Maintaining Biodiversity in the Face of Environmental Change
A central question in Darwinian theory is how species survive after their origin. According to Darwin, it happens through competition: the fittest survive. But 150 years after Darwin, a more sophisticated understanding of this process remains elusive—and is becoming even more so as our global environment undergoes rapid change.
Dr. Fangliang He, Canada Research Chair in Biodiversity and Landscape Modelling, has developed a substantial research program to document, quantify, and synthesize macroecological patterns of biodiversity. His models and methods have helped estimate species extinction rates, assess threatened species, and predict the effects of climate change on ecosystems.
He and his research team are developing an understanding of how biodiversity is sustained, along with methods to quantify how climate change and changes to the way we use land affect biodiversity.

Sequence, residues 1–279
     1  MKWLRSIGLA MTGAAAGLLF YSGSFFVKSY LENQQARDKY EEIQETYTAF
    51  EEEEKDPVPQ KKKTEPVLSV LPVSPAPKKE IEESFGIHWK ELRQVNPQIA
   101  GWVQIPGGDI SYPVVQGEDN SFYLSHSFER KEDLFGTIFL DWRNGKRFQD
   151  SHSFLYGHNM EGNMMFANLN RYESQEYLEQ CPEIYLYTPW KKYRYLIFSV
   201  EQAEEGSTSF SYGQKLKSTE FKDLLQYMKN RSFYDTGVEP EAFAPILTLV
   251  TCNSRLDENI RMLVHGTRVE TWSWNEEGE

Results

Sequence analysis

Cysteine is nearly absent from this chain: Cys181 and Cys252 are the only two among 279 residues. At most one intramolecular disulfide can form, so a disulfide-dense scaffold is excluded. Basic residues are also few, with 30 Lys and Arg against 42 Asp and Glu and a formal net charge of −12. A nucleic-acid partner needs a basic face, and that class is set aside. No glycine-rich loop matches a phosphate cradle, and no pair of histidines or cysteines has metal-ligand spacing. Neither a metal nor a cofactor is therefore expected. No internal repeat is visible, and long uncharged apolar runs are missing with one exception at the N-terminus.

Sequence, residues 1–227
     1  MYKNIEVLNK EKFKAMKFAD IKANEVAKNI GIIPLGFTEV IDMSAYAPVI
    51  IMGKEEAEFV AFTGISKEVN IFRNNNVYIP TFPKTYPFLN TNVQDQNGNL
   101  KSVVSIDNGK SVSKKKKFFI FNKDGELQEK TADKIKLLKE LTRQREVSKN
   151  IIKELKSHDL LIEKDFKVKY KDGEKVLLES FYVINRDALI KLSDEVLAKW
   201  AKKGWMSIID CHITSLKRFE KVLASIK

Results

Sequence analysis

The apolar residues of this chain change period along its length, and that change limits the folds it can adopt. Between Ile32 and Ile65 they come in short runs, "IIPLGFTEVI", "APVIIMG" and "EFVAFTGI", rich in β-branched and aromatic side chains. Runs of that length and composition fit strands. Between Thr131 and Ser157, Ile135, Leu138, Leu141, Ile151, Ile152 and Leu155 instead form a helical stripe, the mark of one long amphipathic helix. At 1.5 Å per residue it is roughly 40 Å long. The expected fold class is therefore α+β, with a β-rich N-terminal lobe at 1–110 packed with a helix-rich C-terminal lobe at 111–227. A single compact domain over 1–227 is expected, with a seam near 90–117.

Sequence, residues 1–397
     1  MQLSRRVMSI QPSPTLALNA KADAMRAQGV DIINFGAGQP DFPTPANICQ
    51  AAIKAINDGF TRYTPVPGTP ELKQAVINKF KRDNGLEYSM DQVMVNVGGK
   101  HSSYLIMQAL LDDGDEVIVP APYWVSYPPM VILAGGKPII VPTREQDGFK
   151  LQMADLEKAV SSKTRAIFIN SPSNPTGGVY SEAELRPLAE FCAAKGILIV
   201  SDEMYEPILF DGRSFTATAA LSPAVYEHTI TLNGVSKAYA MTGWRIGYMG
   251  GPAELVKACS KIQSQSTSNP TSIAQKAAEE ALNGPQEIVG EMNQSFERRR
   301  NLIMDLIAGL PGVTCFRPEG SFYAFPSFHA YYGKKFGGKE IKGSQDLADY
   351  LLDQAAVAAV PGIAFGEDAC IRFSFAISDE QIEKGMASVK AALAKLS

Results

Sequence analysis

For this research, He is using a global network of forest dynamics plots as a primary research model. About 50 hectares each in size, these plots were established worldwide to monitor growth and mortality changes in more than six million trees. The data the network provides are essential to understanding species diversity and predicting the effects of climate change on forests. He’s research will lead to new knowledge and methods that may be vital to managing and conserving Canada’s and the world’s biodiversity and ecosystems.